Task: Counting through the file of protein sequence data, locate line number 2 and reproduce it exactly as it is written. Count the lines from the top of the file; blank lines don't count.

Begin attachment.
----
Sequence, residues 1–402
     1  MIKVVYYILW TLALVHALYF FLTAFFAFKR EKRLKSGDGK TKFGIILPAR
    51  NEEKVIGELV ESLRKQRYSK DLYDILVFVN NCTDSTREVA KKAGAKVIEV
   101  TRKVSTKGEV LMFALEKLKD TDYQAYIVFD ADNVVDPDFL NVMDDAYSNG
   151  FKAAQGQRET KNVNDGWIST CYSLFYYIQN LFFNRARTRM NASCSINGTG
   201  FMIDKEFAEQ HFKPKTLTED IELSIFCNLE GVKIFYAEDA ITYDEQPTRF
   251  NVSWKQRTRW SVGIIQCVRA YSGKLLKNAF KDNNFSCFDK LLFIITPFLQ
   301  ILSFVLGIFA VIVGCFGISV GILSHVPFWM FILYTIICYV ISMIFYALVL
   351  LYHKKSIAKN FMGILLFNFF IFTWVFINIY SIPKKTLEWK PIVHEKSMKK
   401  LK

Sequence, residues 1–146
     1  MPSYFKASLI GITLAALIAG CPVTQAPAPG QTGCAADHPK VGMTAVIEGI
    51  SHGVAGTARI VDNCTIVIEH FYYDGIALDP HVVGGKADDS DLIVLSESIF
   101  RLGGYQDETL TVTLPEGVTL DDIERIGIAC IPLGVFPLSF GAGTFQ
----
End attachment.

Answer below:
     1  MIKVVYYILW TLALVHALYF FLTAFFAFKR EKRLKSGDGK TKFGIILPAR